Humbert's win will also take him up six places in the ATP rankings, from 31 to 25.

President of the Jamaica Gymnastics Association has described Alana Walker’s historic bronze medal performance in women artistic gymnastics at the Junior Pan Am Gymnastics Championships in Guadalajara, Mexico, on Saturday as a major boost for the sport locally, one that could help the association generate desperately needed funding.

The 14-year-old Walker scored 48.850 to finish third in the All-Around – bars, beam, floor and vault - that was won by the USA’s Katelyn Jong with a score of 54.10.  Her compatriot Madray Johnson scored 53.550 for second place. It was the first time that Jamaica has ever won a medal in gymnastics at a major event.

By winning the bronze medal, Alana, who is coached by Ashley Brooke Umberger at North Stars Gymnastics in Boonton, New Jersey, automatically qualifies for the Junior Pan Am Championships in Colombia later this year.

Grant, who spoke to Sportsmax.TV from Panama said this victory provides the push needed for the sport to continue to grow locally.

“Every appearance at any international competition of this nature is always a boost for the sport, that is what we thrive to be a part of and that is why we are working on our programme to ensure that we can participate and compete effectively as a country, as young as our sport is locally,” Grant told Sportsmax.TV today.

“This major win for us is very important to the growth and development of our local sport because it shows that we have the ability and the capability to do well in gymnastics.

“This is also a major boost for our young gymnasts who are preparing for a youth competition in Colombia later this year, the Pan American Age-Group Hopes Tournament where the age-group levels are from age eight right up to age 14 and she will also be competing in the elite category as well.”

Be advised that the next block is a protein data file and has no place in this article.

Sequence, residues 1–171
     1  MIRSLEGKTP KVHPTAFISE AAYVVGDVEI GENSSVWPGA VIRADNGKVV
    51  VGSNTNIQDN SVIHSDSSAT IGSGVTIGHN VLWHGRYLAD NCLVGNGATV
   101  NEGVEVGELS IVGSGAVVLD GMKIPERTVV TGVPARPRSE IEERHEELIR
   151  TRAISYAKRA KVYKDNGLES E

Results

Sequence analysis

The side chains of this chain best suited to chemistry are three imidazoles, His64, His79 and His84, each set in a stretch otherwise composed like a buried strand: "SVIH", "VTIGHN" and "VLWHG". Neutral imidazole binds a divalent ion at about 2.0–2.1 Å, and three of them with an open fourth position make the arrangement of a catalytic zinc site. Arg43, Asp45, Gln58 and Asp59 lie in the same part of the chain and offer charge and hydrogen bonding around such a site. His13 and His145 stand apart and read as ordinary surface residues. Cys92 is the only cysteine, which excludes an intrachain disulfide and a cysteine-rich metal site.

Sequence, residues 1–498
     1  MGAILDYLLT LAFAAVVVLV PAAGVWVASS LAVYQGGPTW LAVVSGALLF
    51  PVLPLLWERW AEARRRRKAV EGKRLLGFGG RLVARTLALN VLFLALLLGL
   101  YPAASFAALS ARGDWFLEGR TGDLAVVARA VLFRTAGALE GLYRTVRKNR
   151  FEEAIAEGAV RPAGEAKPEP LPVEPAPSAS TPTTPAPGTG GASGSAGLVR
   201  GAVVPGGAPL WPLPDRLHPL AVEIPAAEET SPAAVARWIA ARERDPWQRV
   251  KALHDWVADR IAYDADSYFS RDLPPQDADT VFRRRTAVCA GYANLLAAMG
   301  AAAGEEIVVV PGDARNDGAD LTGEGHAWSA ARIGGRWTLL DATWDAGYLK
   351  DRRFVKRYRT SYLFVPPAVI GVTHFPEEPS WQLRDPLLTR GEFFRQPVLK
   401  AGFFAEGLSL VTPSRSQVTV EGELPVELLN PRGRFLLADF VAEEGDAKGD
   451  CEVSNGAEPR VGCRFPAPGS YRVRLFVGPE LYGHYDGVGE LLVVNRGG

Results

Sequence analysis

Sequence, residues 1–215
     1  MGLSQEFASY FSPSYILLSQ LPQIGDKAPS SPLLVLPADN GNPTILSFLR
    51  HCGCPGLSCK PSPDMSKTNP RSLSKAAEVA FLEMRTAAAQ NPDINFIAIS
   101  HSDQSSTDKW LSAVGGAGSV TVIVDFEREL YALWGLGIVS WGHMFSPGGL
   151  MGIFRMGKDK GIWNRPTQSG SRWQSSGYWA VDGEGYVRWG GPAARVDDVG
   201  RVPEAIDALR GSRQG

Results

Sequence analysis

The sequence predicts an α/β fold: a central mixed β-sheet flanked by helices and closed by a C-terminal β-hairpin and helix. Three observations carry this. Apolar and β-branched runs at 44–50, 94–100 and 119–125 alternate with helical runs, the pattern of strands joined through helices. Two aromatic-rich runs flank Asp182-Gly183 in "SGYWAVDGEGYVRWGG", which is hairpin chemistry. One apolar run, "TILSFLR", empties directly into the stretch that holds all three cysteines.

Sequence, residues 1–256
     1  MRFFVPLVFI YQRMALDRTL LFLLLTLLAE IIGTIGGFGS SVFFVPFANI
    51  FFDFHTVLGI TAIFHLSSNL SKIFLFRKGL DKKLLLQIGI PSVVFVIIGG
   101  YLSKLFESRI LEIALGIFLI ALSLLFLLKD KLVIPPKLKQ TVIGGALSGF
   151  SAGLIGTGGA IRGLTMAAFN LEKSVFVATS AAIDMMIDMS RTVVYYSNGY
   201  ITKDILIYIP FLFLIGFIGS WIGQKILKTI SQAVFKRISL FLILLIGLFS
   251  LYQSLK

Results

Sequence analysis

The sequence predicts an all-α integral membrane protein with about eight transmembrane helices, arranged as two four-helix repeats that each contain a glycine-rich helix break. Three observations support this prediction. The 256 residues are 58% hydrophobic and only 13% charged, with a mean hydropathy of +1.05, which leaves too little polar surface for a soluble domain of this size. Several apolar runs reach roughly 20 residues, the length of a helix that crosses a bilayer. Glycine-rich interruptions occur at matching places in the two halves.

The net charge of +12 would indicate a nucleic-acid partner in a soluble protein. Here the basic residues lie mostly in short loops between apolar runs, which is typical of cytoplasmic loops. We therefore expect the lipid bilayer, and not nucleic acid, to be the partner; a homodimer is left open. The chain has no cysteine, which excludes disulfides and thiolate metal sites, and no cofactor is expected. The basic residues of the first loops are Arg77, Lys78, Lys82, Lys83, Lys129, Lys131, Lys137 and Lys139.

Notwithstanding these achievements, Grant said, the sport continues to face significant obstacles.

“Our setback is equipment, landing equipment, something that we have been campaigning for, for some time now and it’s very important because when Alana comes to Jamaica, and she comes to Jamaica very often, she trains at the gym but the landing equipment is not good for her at this time because of the kind of skills that she has,” Grant said.

“And that is why we are working so hard because when our elite athletes come to Jamaica they are in awe of the gym but as its relates to the landing aspect, it’s just not up to the standard and it’s really dangerous for them to train their high-level skills.”

Grant thanked the Jamaica Olympic Association, which she said, did not hesitate to provide funding for the trip, despite the ‘last-minute request’.  She also thanked Alana’s parents, who “have always been there and have put out a lot of effort to ensure that she got the documentation in order for her to compete at the event.

She also expressed her gratitude to Marlene Hylton-Williams, who was instrumental in helping Alana getting the license that allowed her to be able to compete and Naomi Valenza, who allowed Alana’s late entry to be accepted into the tournament.

  

Marc Marquez claimed his first race win since returning from injury as he ended Honda's MotoGP drought with a dazzling ride at the German Grand Prix.

A six-time world champion who missed nearly all of the 2020 season – as well as the start of this year's campaign – due to a broken right arm, Marquez had failed to finish in his three previous races, a career first. 

However, the Spaniard clearly felt right at home around a Sachsenring track where he had won his previous 10 outings, including seven in a row in the top category between 2013 and 2019.

Further success on German soil appeared a tall order considering both his form and also his starting position following qualifying, yet Marquez burst off the line to go from fifth to second in a flash and was out in front by the end of lap one.

It was a lead he retained for the remainder of the race to become just the second rider ever to take eight consecutive premier class wins at the same circuit.

Aleix Espargaro put the early pressure on as pole-sitter Johann Zarco slipped back, though the former's challenge faded as the laps ticked by.

Instead it was Miguel Oliveira – winner of the Catalan Grand Prix last time out – who headed the chasing pack, the Portuguese getting inside a second of the frontrunner at one stage, but Marquez remained calm under pressure and was even able to pull away in the closing laps.

His victory means Honda have now won 17 of the 23 MotoGP races at the venue, though this is the first triumph for the manufacturer since the 2019 Valencia Grand Prix, a barren run of 21 outings – the worst in their history – that is finally over.

Emotions were understandably high at the result. There were tears on the track and in the garage, while Marquez dropped to his knees after dismounting his bike and looked skywards appearing to offer a prayer.